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Welcome to the UFC, Fabinski & Galindo

A new middleweight fighter and a new featherweight make their way to the UFC.

When the UFC's debut card in Poland was announced, there was a lot of hope that the promotion would be scooping up some new national talent to compete in their home country. That didn't happen. The only polish fighter signed to make their debut on the card was relative unknown strawweight woman, Izabela Badurek. The UFC rarely gets to an even without injuries however, and a broken arm suffered by Krzysztof Jotko has opened the door to another Pol getting his shot in the Octagon. The UFC recently announced that Bartosz Fabinski will replace Jotko on UFC Fight Night Krakow on April 11th. Fabinski will make his debut against another newcomer, South African Garreth McLellan. Also set to make his debut (potentially early next year) is a Peruvian newcomer, Carlos Galindo. Peru Fighting Championship reported the news of his signing. So...

Who is Bartosz Fabinski?

The 28-year old Polish fighter trains out of S4 Fight Team along with the recently signed Badurek and regional vet Robert Jocz. Fabinski will make his way to the UFC with a record of 11-2, including wins over strong regional vets Antoni Chmielewski, Michal Szulinski, and Gergor Herb. Otherwise his record isn't amazing, but doesn't include much in the way of absolute walk over fights either. His two losses come to current UFC prospect Marcin Bandel and Brazilian regional vet Wendres Godzilla. Outside of MMA, Fabinski has a background in Judo and competed internationally for the AZS-AWF Warszawa athletic club.

What you should expect:

The base of Fabinski's game is big winging hooks into a powerful double leg takedown. Despite his Judo background, trips, throws, or fast submissions don't really seem to be a focal point of his arsenal. Mostly he depends on big power-slamming double legs, preferring to pick his opponents up bodily and throw them down. Once they are down, most of his top game is focused on consistent control and landing damaging ground-and-pound from the guard or half-guard. He has some real power in his build, so he can land some solid shots, both with his fists and elbows from the top. But, it's not a deeply nuanced game, and good, powerful grapplers have been able to beat him on the ground. On the feet, he's mostly concerned with pushing straight back into the clinch and spends very little time at range.

What this means for his debut:

A fight against Garreth McLellan is a pretty excellent matchup for Fabinski right out of the gate. Both fighters have a similar style, but while Fabinski prefers a more wrestling oriented, high reward takedown style, McLellan prefers trips and throws, often ending up on his back as a result. McLellan is a more aggressive grappler, but he's not an especially studied one, and is probably more likely to give up good positions for bad than he is to catch Fabinski sleeping. Otherwise Fabinski appears to be the more aggressive, consistent striker (although neither man shines there). Fabinski should be the odds on favorite to take this one.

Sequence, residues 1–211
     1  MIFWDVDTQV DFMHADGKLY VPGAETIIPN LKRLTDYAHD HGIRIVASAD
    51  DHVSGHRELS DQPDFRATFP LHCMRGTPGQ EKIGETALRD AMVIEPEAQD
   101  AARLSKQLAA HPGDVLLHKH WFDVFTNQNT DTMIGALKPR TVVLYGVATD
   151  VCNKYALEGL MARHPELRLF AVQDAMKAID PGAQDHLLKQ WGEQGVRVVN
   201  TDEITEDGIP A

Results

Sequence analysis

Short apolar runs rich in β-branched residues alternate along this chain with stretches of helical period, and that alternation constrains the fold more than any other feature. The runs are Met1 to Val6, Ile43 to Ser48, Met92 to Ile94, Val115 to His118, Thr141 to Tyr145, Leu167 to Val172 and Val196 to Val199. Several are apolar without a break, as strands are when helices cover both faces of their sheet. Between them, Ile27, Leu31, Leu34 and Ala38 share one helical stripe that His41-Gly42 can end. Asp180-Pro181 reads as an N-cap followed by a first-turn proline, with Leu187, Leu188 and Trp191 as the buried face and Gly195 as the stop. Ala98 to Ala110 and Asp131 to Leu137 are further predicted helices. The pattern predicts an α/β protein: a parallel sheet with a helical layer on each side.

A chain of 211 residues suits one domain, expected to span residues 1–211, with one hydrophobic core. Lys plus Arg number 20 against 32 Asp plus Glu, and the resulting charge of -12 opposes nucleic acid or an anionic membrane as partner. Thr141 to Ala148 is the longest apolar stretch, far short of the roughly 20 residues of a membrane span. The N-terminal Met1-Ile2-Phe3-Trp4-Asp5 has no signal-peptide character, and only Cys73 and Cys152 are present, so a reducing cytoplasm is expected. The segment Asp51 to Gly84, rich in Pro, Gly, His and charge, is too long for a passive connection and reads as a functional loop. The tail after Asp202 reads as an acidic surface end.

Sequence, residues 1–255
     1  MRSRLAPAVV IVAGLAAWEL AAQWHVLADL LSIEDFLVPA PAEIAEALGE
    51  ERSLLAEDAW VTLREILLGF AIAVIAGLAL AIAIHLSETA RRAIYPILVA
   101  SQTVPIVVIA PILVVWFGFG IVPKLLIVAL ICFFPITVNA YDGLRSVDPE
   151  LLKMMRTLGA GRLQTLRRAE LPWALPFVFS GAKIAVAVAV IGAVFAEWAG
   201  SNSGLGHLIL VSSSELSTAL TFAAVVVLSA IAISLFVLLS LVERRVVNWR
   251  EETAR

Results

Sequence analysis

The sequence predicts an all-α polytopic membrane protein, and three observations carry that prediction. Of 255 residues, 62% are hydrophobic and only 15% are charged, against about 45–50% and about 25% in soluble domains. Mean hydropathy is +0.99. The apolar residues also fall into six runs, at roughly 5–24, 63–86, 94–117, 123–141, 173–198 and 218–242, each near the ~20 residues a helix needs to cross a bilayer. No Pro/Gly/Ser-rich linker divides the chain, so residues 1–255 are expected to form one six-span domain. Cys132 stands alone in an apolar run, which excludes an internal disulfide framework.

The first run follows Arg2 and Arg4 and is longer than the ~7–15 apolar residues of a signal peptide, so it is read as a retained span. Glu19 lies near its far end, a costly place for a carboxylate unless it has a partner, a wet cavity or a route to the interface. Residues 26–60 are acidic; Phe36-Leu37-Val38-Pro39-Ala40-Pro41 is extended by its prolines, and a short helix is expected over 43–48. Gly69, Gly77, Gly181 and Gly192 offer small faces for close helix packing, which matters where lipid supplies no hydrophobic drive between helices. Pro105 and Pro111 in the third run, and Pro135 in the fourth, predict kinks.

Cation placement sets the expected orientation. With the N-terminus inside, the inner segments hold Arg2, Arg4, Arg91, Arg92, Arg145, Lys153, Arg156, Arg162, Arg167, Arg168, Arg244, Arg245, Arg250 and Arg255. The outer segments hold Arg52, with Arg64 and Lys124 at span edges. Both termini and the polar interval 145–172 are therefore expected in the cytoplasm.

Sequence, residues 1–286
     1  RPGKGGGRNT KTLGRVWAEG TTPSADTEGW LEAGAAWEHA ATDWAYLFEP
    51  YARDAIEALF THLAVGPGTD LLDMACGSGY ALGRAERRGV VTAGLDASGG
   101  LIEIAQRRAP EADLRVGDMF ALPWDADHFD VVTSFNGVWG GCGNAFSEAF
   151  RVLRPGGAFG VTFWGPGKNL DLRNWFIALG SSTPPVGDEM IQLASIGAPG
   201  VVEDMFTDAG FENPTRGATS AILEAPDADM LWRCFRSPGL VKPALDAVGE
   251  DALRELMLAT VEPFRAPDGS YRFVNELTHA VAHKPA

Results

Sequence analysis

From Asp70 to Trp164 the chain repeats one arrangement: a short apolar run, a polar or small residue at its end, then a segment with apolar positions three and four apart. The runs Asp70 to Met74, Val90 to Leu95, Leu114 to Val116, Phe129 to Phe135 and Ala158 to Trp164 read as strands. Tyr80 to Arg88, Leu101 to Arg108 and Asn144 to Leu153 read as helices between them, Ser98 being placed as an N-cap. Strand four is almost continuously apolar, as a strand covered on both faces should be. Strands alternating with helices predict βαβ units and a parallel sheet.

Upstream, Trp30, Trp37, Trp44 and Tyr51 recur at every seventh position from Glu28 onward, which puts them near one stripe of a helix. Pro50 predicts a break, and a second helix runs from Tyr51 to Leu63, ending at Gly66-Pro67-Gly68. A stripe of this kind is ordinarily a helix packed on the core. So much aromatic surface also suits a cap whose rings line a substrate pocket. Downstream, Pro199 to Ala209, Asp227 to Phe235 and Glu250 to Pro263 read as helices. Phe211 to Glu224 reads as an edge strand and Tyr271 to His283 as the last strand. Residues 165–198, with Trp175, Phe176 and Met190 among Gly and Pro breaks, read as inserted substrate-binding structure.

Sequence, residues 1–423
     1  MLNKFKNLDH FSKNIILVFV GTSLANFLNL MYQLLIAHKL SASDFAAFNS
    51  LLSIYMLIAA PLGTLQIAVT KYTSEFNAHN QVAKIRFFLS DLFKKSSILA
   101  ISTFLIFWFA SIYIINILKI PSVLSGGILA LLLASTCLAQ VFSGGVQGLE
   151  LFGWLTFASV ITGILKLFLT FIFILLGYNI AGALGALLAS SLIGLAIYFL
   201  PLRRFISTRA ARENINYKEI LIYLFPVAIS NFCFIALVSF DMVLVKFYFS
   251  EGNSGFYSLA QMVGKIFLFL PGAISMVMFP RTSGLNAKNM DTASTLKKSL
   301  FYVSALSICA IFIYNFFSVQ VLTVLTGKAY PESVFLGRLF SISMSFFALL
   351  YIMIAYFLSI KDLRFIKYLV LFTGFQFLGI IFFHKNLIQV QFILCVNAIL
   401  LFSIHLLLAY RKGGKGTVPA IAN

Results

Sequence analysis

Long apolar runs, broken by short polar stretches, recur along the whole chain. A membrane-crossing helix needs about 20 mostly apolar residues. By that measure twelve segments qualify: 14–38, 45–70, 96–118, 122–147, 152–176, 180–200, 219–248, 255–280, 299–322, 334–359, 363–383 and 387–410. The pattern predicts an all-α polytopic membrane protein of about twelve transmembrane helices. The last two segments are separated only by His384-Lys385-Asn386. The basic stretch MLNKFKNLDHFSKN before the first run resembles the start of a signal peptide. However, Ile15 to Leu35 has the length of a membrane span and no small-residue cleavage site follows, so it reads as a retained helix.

To get us better acquainted, here's Fabinski's recent bout against Michal Szulinski at PLMMA 29:

Who is Carlos Galindo?

"Tailandes" (Thailand) as he is also known, is a 33-year old Peruvian fighter who had been scheduled to compete on the last season of TUF: Latin America, before unknown complications kept him from participating on the show. The UFC kept after him, however, and were eventually able to arrange his move to the US and a new camp at American Top Team. He's scheduled to spend "four or five months" there, before getting his first fight in the UFC, sometime "mid January." Galindo brings a 9-3-2 record to the UFC and is unbeaten in his last 6 fights, since coming back from a 3 year layoff in late 2012. He doesn't have much in the way of notable wins, but his only losses are to decent opposition, his last being to former UFC fighter Mike Rio in 2009.

What you should expect:

There's no one part of Galindo's game that is particularly polished, but all of it is fairly aggressive. At range he tends to bide his time until he can rush in behind a big flurry of wild strikes. He has power and some accuracy, but tends to keep his head up in the air and on line, while swinging away. When he can, Galindo tries to get the double collar tie in the clinch, from which he can land some good knees. Without it however, he's not a particularly controlling or offensive clinch fighter. To supplement his striking, he's developed a basic double leg takedown game. It's worked on the circuit he's been fighting on, but it's pretty weak and doesn't seem like it would translate to the UFC. His grappling especially seems to be lacking, as he's shown basic submission positions, but doesn't seem to know how to actually apply the submissions themselves. Moving to a big American camp will help him a lot, but as he's been fighting inconsistently for almost a decade, it's hard to know how ingrained his tendencies are.

To get us better acquainted, here's Galindo's last fight against Victor Nunes at Inka FC 25 (bout starts at 53:30):

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